Champaign-Urbana families have scores of preschool options, from parent cooperatives to government-funded Head Start programs to private or church-affiliated schools.
Local Methodist, Lutheran, Baptist and other congregations have long supported preschools, but one religious denomination has been noticeably absent: Catholics.
Despite their longtime emphasis on parochial education, neither Catholic school in Champaign-Urbana has had a preschool. But that could change.
Holy Cross Catholic School in Champaign is testing the market, surveying parents to see if there’s any interest in a pre-K program for 2010-11.
The idea would be to include some 4-year-olds in kindergarten classrooms, a practice used at other private preschools, said Principal Rose Costello. The 4-year-olds would attend three mornings a week until about 11:30, while kindergarteners would stay on for the full school day.
“We’re not sure we’re going to do that yet,” she said recently. “We’re considering the possibility.”
A new Catholic preschool also opened at St. Thomas Grade School in Philo this year. The 28 preschoolers attend morning classes, with separate classrooms for 3- and 4-year-olds, and can stay on for the afternoon day-care program.
Principal Gwenn Roche said the decision was based on two factors: declining enrollment at the school and a need for more preschool day-care in the community. The idea was to bolster enrollment by attracting more families, who appreciate being able to take older and younger children to the same place every morning, she said.
It worked. Enrollment is now up to 110 students at St. Thomas, a 35 percent increase, and more students have registered for kindergarten next fall, said Jerry Sanderson, associate superintendent at the Office of Catholic Schools in Peoria.
Sanderson said 35 of the 42 grade schools in the diocese have preschools, including St. Malachy's School in Rantoul. Now in its fourth year, the preschool there has about 30 students.
Several Champaign-Urbana moms I know explored the idea of a Catholic preschool several years ago, with no luck. Local churches said they didn’t have space or felt it would be too costly to start one.
"We never really considered it. We didn't have room," said Kathleen Scherer, principal at St. Matthew School in Champaign.
Plus, the community has quite a few established, high-quality Christian day-care centers and preschools, some of which predate the founding of St. Matthew’s in 1966, Scherer said.
Holy Cross started to reconsider last fall, when kindergarten enrollment declined. It bounced back by mid-year, but Costello won’t know for sure about next fall’s numbers until later this spring.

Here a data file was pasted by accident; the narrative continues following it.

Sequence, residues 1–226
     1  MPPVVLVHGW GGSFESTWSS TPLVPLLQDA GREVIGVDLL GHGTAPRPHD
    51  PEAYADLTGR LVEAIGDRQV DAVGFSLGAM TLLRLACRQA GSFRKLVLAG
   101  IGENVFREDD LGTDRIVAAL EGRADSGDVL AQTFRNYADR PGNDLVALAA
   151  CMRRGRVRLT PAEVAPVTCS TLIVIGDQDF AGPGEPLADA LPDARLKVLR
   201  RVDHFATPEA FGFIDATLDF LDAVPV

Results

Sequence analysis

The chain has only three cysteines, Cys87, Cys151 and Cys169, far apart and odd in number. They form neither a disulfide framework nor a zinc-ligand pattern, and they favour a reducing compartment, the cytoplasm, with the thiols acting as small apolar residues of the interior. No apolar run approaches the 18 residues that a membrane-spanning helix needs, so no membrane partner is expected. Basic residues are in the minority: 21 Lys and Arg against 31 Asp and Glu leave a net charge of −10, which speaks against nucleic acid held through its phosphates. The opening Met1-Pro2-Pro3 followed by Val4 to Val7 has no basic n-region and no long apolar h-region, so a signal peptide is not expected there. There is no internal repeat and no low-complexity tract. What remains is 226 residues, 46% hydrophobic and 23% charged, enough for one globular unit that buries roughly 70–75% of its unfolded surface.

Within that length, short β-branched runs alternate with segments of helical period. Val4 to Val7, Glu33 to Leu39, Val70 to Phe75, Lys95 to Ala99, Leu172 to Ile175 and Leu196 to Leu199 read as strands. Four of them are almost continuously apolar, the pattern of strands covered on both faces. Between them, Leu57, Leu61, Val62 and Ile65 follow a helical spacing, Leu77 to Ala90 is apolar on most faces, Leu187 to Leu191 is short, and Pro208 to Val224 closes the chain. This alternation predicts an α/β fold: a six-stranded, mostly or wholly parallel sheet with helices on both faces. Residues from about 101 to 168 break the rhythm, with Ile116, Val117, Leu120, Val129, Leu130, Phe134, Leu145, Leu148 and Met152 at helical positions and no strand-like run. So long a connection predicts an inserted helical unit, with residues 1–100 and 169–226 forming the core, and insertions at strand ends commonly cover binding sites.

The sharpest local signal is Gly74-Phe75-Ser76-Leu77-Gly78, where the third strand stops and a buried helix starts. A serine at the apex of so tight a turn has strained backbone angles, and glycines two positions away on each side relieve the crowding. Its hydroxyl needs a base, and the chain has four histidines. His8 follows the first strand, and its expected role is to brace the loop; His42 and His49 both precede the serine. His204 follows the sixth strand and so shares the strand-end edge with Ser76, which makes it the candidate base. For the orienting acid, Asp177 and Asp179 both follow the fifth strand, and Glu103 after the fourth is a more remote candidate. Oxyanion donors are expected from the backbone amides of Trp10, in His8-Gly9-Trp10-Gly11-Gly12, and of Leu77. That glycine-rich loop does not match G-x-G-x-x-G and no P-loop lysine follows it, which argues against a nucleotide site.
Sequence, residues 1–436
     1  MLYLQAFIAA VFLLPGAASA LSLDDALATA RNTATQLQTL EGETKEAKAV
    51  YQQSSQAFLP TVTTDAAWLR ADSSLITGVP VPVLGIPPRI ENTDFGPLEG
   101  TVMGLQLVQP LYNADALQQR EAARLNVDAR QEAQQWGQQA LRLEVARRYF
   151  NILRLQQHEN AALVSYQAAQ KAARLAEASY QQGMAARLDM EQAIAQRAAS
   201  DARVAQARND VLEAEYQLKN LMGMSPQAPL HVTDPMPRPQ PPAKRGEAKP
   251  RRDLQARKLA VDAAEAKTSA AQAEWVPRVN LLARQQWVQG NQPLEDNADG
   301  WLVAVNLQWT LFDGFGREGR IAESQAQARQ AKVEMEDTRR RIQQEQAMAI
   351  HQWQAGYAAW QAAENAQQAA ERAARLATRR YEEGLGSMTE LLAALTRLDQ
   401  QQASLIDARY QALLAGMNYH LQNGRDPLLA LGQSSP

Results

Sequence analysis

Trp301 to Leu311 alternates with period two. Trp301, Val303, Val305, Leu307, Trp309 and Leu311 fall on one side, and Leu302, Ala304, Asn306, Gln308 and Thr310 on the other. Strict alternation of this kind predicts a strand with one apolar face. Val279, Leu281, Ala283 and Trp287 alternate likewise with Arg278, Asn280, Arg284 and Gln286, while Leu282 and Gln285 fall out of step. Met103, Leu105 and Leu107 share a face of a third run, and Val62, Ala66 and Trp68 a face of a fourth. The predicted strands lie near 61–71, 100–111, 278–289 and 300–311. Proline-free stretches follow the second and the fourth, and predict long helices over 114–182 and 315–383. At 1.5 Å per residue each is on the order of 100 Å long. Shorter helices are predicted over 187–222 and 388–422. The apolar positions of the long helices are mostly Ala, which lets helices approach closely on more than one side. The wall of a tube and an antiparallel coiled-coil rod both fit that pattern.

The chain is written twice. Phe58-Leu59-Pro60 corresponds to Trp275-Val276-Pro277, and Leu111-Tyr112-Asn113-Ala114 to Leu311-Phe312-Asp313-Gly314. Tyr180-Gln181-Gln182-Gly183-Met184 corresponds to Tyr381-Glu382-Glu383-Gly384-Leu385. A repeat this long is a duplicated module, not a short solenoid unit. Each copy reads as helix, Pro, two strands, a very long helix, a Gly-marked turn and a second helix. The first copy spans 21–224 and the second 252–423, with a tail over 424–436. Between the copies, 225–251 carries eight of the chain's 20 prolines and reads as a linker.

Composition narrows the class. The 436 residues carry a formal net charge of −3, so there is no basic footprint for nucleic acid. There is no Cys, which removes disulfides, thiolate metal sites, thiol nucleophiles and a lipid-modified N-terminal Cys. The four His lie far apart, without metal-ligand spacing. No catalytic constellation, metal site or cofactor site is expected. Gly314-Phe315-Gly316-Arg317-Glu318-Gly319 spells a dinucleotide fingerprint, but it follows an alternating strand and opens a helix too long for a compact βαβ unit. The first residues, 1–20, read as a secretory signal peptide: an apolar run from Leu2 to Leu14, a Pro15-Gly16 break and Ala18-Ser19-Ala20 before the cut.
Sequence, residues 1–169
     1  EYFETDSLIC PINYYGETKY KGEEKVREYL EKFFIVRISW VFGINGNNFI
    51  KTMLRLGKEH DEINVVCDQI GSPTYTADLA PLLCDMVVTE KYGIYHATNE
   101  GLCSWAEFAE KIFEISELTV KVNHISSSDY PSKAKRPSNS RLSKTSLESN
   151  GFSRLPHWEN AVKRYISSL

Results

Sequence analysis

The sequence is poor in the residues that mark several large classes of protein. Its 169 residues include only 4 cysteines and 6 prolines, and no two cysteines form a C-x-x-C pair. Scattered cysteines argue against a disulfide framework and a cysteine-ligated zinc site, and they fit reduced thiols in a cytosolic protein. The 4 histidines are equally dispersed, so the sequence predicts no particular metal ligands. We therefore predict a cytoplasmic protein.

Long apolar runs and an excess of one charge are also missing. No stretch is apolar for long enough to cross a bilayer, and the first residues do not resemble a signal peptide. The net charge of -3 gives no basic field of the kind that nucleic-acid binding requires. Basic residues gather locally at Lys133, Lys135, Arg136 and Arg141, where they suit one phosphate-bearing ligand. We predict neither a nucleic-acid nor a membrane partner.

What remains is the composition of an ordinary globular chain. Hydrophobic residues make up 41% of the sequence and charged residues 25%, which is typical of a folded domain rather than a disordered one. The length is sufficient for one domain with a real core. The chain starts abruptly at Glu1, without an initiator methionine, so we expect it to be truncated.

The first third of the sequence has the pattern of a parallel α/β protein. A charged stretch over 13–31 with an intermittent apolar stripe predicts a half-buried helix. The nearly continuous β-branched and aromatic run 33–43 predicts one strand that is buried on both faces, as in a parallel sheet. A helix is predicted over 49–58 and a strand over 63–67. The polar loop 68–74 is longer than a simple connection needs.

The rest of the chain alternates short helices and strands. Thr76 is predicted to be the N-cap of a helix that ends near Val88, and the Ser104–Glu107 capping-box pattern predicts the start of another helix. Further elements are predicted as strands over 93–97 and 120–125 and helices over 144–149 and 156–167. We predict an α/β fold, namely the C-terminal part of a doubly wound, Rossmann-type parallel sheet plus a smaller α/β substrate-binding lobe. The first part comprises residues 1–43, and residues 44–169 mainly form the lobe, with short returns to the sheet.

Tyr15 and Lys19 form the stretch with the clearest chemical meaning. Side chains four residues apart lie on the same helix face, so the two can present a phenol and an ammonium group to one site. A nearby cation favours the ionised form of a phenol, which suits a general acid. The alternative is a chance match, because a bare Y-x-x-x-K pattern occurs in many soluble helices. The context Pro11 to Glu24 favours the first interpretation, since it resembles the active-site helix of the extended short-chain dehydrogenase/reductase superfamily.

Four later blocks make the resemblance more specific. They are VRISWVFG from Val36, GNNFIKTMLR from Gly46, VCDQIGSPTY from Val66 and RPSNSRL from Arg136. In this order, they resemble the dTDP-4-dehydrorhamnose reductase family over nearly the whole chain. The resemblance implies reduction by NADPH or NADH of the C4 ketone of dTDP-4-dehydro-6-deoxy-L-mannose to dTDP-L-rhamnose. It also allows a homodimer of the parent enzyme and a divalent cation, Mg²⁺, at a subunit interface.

Potential enrollment at Holy Cross would likely be no more than 15 students, and would depend on kindergarten numbers, Costello said. The school would take kindergarten students first, then fill any remaining spots with 4-year-olds. Enrollment in the two kindergarten classrooms is limited to 22 students each.
She doesn’t think including 4-year-olds would harm the kindergarten curriculum. Both ages are still learning development skills, such as attending to a lesson, taking turns and working in small groups. The classroom would have an aide, and the kindergarteners would be in school longer, she said.
Costello surveyed Holy Cross parents earlier this year, and several expressed interest. One is Annessa Parisi, who was "devastated" to find no Catholic preschool when she moved to Champaign-Urbana 10 years ago.
Parisi sent her children to Mother's Morning Out, and taught there for 10 years, but would still like to see a Catholic option. Her children had attended a Catholic preschool in Pekin, and she missed it here.
Enrollment for 2010-11 is under way for most local preschools. Anyone interested in the Catholic preschool can contact Holy Cross at 356-9521.
About the writer
A proud East St. Louis native, I’m one of those Champaign-Urbana short-timers who stayed — 23 years and counting. I've covered schools, local government, higher education and social services at The News-Gazette (the perfect job — I'm paid to be nosy). But my best job — most days, at least — is being a mom. I believe in Santa, a daily dose of chocolate, and the power of humor to get us through almost anything.
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